Joe Roberts wrote:
So, imagine an alternative logic where the goal is to have a listener say "I don't like single drivers but the Aporia is different" or "I think SE 300B amps are junk but the Silbatone is better than my $75k Audio Research 75 watt whatever whatever" or " I never thought an 8W would play my Wilson WATT." They are out there trying to evangelize for the cause and showing off a little bit, winning people over to low power approaches, deconstructing mainstream audio marketing nonsense, and injecting their own extremist vision into the dialogue. This is why they are so concerned with having horn speakers that are friendly to big amps, and why we are presenting moderate or adequate sensitivity as a virtue. They are trying to spread the horn message to non-triode freaks, to encourage a listen.

So, you propose do not approach Silbatone as horn loudspeakers, despite to the fact that it uses horn loading. I might admit that it might be a ration way to go. It has no sensitively, no cone compliance, uses a limited dynamic range driver with dipole radiation. Would it be a good replacement for paper cone drivers? Why not if the Silbatone guys did good job.  But are we massaging technologies just for sake of massaging? Saying it I do not deny that Silbatone folk might in fact get a very good sound out of their Manger but here is an interesting twist: would the Silbatone speaker better if the Silbatone folks using all this best intention use an complimentary tweeter and a complains LF section for their loudspeaker. The honest answer to this question contains all foundation of my disagreement with what Silbatone does. Sure, with two more drivers the Silbatone would be another speaker but the “Silbatone as is” is not $5K easy-drop monitors but a near $100K loudspeaker that in my frugal view represent a serious “investment per objective”.  Here is where my “cost per typology” kicks in.

 Joe Roberts wrote:
On the eternal WE question, all I can say is that 98% of people who like or don't like Western Electric sound actually never heard a proper Western system and quite possibly heard no actual WE gear at all.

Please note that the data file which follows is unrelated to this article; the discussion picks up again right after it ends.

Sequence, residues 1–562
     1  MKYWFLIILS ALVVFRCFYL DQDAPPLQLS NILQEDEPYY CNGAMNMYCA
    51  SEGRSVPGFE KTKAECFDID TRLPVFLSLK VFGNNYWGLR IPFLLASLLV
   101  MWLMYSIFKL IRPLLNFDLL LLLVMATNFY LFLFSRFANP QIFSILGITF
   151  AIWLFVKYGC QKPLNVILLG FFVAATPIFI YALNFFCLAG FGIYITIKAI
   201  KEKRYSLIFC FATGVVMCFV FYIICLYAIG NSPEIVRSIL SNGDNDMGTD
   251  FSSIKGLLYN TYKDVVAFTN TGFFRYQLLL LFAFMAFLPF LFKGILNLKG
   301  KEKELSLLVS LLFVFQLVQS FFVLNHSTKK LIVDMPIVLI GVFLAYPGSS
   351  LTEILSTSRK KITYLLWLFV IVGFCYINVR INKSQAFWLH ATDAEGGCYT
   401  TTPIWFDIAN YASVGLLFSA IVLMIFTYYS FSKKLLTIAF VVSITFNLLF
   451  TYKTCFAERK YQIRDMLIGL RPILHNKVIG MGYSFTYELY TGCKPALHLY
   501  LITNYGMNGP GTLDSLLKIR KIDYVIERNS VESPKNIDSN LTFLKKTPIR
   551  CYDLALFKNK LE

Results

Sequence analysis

If you take a 555 driver and stick it on an Altec horn with a threaded adaptor, as I have done, this is NOT a Western Electric system, especially if you only have one channel with that flea market find. It is a WE part. These parts were installed carefully designed theater systems with purpose designed xovers and huge elaborate baffles. The parts can be good for Altec type experiments but then the systems engineering contribution of ERPI gear is not in play.

Western Electric delivers the coup de grace when you fire up some music and ask "Why the HELL does this sound so good?" There is no logical reason for it. It is old. It looks like Thomas Edison's lab. It is not even a compression driver but a "Loud Speaking Telephone." I still don't know the answer to why it works so good. It is mysterious stuff.

That's the point. The listening experience. "Experts" stand before a WE system and laugh at the old junk, then when the music comes on their jaw hits their shoe. I did it to hi-end nuts in the 80s with 124 amps and 755A in slant front wall cabinets. HaHa ha...Patsy Cline record...BANG! WTF!? The WE theater gear is on a different order of magnitude. The designer of a very famous British loudspeaker recently visited the Silbatone collection, laughed at first, and then almost died when he heard Mirrophonic. Now he is super interested in field coil speakers.

Again, I am cured of the mania but I must recognize that Western Electric speakers are among the best. There is nothing like a TA4181 field coil woofer. I guess you had to be there to appreciate what I am saying. I love 416s but they are toys compared to 4181s.